Aimee Chanthadavong
April 10, 2018

Blockchain fix for mango farms

Commercialisation

Blockchain fix for mango farms

Mango apps: Andrew Grant and Jackson Virgo from SA's Availer startup

Adelaide AgTech startup T-Provenance has raised $500,000 to pilot its blockchain technology with Northern Australian mango producers, as part of a two-year project being managed by the Cooperative Research Centre for Developing Northern Australia (CRCNA).

The funding includes a $300,000 grant from the CRCDNA, as well as Data61.

The CRCNA was established by the Australian Government as part of its $6.2 billion commitment to help businesses, governments, and researchers work together to identify growth opportunities for businesses in the north.

Over the next 10 years, the CRCNA will invest $75 million of Commonwealth funding to support industry-led collaborations in three areas: agriculture and food, tropical health service delivery, and traditional owner-led business development.

Andrew Grant, co-founder of Availer, the AgTech betaworks responsible for co-founding T-Provenance, said the project is a clear example of the growing engagement between industry and government.

“I think the CRC for Northern Australia are very much focused on that industry engagement and we see, as a startup company, getting this kind of support is absolutely vital to accelerating these technologies,” he told InnovationAus.com.

“Our core focus is on commercialisation. From day-one we engaged with industry on what’s the price point and what’s the real value we can bring to the industry, and obviously we’re very thankful the CRC for Northern Australia.”

Mr Grant, however, pointed out the need for more government policies to focus on assisting startups with commercialising their ideas.

“The next phase of development for policy should be focused on commercialisation. Some of that has gone out already, but we see that there’s still a real opportunity for us to build on that. In hindsight that model could be really valuable to future-proof our AgTech industry,” he said.

T-Provenance will initially work with Queensland horticulture peak body Growcom and mango producer Manbulloo to integrate its technology to monitor mangoes through the supply chain – from farm to retailer – to ensure food safety, quality, traceability and authenticity.

Internet of Things-enabled sensors and smart chips will be used to monitor things like temperature and humidity, and any other parameters to help understand and improve the mango supply chain.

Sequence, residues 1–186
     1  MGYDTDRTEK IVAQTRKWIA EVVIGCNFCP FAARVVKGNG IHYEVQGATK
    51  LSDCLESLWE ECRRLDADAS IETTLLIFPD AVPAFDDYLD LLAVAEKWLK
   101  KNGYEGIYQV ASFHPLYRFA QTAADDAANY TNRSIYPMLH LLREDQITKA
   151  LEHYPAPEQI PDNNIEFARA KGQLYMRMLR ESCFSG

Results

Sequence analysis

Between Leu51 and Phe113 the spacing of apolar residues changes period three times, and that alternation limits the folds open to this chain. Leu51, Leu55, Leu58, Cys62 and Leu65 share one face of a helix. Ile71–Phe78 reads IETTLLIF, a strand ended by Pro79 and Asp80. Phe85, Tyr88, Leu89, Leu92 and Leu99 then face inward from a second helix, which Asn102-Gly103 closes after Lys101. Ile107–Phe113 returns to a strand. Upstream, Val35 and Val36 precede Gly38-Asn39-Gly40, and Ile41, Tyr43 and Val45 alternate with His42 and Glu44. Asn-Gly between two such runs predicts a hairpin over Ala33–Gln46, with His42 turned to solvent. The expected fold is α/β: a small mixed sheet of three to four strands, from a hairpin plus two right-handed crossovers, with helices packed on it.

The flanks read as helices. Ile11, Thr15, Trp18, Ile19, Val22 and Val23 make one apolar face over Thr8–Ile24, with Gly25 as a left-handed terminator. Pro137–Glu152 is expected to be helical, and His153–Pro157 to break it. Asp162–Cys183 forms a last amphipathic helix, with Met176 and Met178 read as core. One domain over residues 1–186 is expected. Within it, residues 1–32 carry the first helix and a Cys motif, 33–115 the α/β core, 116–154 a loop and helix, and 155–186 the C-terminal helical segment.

The collected data will then be fed through a blockchain application layer, which will be made accessible via a dashboard for distributors, wholesalers, producers and retailers to view.

“What we’re looking for in the supply chain is the blind spots and where there are opportunities to improve or remove things that could be reducing the quality of mangoes, which can lead to a reduction in shelf life, price point and margin,” Mr Grant said.

Growcom’s lead innovation coach Steve Tiley said while such initiatives are indicative of the government’s growing understanding around the significance of Australia’s agriculture sector, there is still a technology adoption gap within the industry.

“Our problem with our industry is we have an implementation and adoption problem, and that’s what we’re trying to work through now,” he said.

“We‘ve got this research and development, but no extension service to try and help the growers, even though they have to be innovative all the time because they work on such tight profit margins.”

While the mango supply chain may be the main focus for this pilot, Mr Grant said there is an opportunity to see the technology applied elsewhere.

“I’ve since been approached by other groups to be part of the project. That’s the whole point of this model, so that we can help remove market failures between late-stage R&D and early stage commercialisation. The CRC is bridging that gap.”

In the meantime, Mr Grant said T-Provenance have taken it upon themselves to support the local startup community through its own “apprenticeship for entrepreneurs” program.

“We have in excess 20 or 30 people on our books that we engage with, and they’re people that are looking at other pathways in their careers to be AgTech entrepreneurs and address local pain points with global applications.”

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